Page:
GOP Caucus passes Allen’s resolution urging citizenship questions on Census

Published 8:05 pm Thursday, April 18, 2019

The 76-member Alabama House Republican Caucus on Wednesday unanimously approved a resolution by State Rep. Wes Allen (R – Troy) that urges the U.S. Supreme Court to allow questions pertaining to citizenship status to be included on the upcoming 2020 census.

“The census taking place in 2020 will help determine important issues like the number of seats each state will hold in the U.S. House of Representatives and the amount of population-based federal funding that will be awarded,” Allen said. “While Alabama has taken a hard stance against illegal immigration, liberal states like California, New York, and Massachusetts have thrown open their borders to those who break our laws with their simple presence. In essence, they stand to benefit by thumbing their noses at long-standing federal immigration law.

“Questions regarding citizenship have been included in the U.S. Census as far back as 1820, and Australia, Canada, and the United Kingdom are among the counties that routinely ask them,”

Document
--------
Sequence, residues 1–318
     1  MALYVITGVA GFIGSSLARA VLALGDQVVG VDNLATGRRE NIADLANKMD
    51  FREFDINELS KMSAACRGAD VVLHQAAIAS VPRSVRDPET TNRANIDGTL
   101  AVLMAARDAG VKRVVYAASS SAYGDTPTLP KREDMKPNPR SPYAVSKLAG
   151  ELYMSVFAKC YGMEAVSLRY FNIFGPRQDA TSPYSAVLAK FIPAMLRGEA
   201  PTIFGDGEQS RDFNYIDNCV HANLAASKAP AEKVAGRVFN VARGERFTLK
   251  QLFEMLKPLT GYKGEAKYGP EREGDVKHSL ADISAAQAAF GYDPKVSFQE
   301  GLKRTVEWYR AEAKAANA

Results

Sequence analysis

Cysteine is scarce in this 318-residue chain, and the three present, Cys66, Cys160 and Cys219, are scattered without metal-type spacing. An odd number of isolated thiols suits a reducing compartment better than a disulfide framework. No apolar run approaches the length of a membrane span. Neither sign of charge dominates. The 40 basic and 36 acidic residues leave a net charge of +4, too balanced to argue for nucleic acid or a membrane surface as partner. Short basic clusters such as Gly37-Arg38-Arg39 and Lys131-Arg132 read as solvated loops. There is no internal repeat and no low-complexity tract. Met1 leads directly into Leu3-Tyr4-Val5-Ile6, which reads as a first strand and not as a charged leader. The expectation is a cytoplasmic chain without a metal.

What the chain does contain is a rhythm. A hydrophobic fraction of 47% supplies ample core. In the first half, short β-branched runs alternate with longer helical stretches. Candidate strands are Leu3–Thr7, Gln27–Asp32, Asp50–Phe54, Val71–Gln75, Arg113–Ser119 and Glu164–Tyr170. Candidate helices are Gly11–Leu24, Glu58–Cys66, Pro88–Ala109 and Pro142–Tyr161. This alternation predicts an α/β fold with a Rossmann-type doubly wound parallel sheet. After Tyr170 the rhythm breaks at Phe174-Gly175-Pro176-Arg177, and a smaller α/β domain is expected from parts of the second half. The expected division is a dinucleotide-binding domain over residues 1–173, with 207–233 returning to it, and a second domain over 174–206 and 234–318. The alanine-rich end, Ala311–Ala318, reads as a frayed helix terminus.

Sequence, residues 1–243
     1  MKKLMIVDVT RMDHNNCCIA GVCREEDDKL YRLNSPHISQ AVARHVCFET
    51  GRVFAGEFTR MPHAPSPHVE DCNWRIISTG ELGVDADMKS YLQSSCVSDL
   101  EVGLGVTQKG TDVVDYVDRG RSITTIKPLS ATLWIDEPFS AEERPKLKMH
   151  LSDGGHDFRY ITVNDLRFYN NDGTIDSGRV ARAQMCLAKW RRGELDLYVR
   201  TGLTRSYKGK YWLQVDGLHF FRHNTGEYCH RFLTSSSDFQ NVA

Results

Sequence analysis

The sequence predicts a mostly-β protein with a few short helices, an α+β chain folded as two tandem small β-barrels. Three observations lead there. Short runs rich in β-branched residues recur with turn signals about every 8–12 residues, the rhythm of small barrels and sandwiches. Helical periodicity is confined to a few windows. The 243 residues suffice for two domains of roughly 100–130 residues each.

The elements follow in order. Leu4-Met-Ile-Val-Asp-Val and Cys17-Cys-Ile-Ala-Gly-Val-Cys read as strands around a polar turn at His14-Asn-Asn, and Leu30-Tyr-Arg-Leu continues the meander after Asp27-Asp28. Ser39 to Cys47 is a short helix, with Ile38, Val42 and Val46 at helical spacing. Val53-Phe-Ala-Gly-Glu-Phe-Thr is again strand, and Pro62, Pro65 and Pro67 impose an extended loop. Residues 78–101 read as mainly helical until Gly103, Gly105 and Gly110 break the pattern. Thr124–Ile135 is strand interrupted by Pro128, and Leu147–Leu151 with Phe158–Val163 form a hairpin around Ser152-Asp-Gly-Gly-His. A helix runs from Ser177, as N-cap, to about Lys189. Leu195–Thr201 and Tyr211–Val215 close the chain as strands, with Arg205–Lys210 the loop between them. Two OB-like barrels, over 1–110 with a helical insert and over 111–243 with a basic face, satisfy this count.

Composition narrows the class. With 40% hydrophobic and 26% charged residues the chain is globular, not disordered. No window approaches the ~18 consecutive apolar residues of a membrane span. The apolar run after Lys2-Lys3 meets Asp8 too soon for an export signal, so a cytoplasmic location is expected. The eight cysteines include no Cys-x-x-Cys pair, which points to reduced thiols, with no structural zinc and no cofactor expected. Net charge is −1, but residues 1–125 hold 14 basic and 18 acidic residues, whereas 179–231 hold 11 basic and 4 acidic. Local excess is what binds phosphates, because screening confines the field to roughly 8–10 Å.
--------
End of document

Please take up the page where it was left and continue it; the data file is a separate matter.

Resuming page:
Sign up for our daily email newsletter

Get the latest news sent to your inbox

Allen continued. “Including questions about citizenship on the census should be commonsense, not controversial.”

Allen said that the U.S. Supreme Court has agreed to hear the case of Department of Commerce v. New York and resolve the argument over citizenship inquiries as they relate to the federal census.

He noted that failure to ascertain the citizenship status of residents would artificially inflate the populations of states and metro areas with large numbers of illegal immigrants, especially in areas that have declared themselves to be a “sanctuary” city or state. As a result, a census that does not probe citizenship status would naturally skew the apportioning of U.S. House seats and the awarding of federal dollars toward areas that harbor illegal immigrants.

The Alabama House Republican Caucus holds a 76 – 28 supermajority in the House of Representatives, and its resolutions represent the overwhelming and prevailing opinion of the legislative body. A copy of Allen’s resolution will be sent to the U.S. Supreme Court prior to oral arguments in the Department of Commerce v. New York case.